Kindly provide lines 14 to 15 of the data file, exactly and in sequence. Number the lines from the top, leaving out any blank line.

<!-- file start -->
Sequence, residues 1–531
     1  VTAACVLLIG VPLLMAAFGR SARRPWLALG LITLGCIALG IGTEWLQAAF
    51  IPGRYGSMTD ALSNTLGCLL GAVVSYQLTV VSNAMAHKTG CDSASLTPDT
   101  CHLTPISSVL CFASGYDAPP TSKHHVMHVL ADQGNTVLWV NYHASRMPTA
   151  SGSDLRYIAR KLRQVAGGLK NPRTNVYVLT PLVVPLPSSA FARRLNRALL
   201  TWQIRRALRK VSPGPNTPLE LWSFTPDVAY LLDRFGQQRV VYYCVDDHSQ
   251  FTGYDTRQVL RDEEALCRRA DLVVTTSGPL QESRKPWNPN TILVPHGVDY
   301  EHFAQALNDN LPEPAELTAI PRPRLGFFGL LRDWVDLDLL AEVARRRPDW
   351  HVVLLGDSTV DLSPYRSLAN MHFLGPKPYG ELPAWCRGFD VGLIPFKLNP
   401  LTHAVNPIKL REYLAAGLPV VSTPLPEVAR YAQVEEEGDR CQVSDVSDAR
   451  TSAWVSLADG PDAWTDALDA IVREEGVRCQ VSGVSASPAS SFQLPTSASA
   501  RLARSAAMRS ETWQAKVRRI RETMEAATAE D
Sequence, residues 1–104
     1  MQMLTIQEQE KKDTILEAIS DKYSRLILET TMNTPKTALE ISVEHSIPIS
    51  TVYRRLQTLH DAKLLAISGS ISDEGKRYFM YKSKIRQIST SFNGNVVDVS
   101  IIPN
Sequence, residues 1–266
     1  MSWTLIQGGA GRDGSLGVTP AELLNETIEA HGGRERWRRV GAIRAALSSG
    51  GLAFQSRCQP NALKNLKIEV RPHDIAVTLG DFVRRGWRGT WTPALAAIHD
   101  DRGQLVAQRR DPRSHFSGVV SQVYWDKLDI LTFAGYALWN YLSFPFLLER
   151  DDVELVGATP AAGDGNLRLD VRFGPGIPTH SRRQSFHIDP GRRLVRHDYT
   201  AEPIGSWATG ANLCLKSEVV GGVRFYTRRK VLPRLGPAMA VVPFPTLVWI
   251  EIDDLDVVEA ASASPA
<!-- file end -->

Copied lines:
     1  MQMLTIQEQE KKDTILEAIS DKYSRLILET TMNTPKTALE ISVEHSIPIS
    51  TVYRRLQTLH DAKLLAISGS ISDEGKRYFM YKSKIRQIST SFNGNVVDVS